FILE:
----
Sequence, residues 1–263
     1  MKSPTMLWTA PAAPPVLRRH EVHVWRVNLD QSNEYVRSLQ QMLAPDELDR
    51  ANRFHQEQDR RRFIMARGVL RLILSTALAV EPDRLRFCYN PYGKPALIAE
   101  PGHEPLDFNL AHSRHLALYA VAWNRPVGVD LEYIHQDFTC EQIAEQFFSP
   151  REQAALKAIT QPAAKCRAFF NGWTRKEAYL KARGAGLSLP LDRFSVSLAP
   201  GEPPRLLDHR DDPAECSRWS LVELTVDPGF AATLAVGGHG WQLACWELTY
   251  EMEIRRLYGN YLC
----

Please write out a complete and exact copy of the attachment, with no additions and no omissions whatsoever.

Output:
Sequence, residues 1–263
     1  MKSPTMLWTA PAAPPVLRRH EVHVWRVNLD QSNEYVRSLQ QMLAPDELDR
    51  ANRFHQEQDR RRFIMARGVL RLILSTALAV EPDRLRFCYN PYGKPALIAE
   101  PGHEPLDFNL AHSRHLALYA VAWNRPVGVD LEYIHQDFTC EQIAEQFFSP
   151  REQAALKAIT QPAAKCRAFF NGWTRKEAYL KARGAGLSLP LDRFSVSLAP
   201  GEPPRLLDHR DDPAECSRWS LVELTVDPGF AATLAVGGHG WQLACWELTY
   251  EMEIRRLYGN YLC